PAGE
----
Each of the first and second indicia detection stages 6, 10 included a pair of indicia detectors 26a-b, 26c-d positioned to check the lower edges (of approximately one inch) of the opposite faces of a passing mailpiece 19 for reactance to ultraviolet (UV) radiation and for FIM marks, and thereby detect indicia at such locations. As used herein, “indicia” refers to any marking on a mailpiece that represents a postage value. If the first indicia detection stage 6 failed to detect any indicia on either lower edge of a given mailpiece, that mailpiece would be inverted by an inverter 9 at the facing inversion stage 10 so as to allow the second indicia detection stage 10 to check the lower one inch edges of the other side of the mailpiece for indicia. As a result, each mailpiece 19 that had detectable indicia thereon ideally ended up positioned with the edge containing the indicia (the “top edge” of the mailpiece) facing downward after it left the second indicia detection stage 10, with at least one of the indicia detectors 26a-d having identified the face of the mailpiece that contained the indicia.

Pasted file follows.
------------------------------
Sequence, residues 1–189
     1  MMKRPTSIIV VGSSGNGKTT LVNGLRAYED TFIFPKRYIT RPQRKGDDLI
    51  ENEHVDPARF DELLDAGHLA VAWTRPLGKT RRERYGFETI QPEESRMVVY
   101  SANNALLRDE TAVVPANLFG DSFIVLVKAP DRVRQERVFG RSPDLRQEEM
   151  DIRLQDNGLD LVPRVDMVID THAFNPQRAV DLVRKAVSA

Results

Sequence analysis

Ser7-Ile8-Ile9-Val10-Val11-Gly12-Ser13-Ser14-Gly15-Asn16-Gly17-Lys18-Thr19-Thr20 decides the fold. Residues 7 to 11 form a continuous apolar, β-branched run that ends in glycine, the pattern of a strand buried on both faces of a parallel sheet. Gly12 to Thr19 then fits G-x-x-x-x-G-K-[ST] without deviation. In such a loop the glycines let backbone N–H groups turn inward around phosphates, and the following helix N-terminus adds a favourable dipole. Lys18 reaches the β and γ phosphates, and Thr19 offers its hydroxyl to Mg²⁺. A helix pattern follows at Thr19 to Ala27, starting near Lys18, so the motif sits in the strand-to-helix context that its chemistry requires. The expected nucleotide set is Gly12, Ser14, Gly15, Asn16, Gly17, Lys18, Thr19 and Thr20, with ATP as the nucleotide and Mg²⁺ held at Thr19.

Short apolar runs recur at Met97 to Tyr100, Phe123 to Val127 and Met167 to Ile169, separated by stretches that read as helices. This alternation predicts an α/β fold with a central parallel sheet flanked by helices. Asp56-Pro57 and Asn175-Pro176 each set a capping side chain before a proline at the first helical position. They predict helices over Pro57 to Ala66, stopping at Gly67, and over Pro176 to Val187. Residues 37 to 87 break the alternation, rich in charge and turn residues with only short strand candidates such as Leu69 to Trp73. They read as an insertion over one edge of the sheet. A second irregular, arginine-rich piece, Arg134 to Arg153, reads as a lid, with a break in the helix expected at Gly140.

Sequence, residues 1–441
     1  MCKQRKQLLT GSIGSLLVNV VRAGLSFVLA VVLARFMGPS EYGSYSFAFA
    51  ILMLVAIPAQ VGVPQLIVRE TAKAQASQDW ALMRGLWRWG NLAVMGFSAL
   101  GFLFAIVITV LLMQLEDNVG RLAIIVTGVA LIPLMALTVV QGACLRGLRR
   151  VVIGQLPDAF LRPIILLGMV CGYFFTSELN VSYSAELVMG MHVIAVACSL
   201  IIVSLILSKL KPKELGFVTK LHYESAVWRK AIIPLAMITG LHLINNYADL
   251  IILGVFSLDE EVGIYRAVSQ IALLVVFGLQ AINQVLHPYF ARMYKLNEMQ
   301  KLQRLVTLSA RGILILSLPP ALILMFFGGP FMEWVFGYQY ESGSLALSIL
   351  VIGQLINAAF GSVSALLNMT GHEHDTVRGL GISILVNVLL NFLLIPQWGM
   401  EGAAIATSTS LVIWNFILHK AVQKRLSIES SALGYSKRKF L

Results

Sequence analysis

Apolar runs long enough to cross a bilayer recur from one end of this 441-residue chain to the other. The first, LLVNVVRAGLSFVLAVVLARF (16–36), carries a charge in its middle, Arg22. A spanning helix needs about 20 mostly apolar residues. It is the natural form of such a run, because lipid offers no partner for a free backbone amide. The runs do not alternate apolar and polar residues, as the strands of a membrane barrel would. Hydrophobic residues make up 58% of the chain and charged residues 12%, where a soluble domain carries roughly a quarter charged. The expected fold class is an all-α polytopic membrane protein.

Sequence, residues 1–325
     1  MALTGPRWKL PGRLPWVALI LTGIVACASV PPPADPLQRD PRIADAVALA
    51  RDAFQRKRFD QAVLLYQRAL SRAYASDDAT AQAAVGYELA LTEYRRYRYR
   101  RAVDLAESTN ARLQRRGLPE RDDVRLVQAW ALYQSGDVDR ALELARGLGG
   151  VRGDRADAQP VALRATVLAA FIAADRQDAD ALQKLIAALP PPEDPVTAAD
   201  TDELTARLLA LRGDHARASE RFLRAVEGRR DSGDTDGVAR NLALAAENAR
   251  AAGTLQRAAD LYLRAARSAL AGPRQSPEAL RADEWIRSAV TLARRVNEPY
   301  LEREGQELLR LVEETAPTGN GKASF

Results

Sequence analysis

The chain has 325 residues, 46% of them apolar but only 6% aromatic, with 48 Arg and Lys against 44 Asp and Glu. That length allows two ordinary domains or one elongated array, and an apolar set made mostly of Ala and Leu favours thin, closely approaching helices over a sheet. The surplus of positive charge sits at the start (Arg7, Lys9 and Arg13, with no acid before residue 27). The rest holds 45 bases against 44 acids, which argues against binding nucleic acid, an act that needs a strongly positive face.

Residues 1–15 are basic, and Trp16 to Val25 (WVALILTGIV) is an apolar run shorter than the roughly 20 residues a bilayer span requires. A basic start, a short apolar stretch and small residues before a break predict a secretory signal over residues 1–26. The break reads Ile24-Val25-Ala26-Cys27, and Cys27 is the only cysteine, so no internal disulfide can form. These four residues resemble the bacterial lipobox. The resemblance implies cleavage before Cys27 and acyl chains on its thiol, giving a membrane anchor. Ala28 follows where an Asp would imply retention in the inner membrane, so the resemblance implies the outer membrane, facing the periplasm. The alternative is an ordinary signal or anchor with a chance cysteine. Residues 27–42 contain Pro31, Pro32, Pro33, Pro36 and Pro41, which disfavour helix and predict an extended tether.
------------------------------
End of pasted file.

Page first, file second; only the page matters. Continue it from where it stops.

The cancellation stage 12 included a pair of cancellers 28a-b arranged to spray one side of the top edge of the mailpiece (i.e., the side determined to contain the indicia), and thereby cancel the indicia. Following the cancellation stage 12, each mailpiece would be inverted by an inverter 15 at the inversion stage 14 so that the top edge of the mailpiece was made to face upwards. The ID tag spraying stage 16 included a pair of ID tag sprayers 30a-b arranged to spray an ID tag, as needed, along an appropriate one of the two lower edges of the mailpiece, as determined by the facing decision made by the indicia detection stages 6, 10.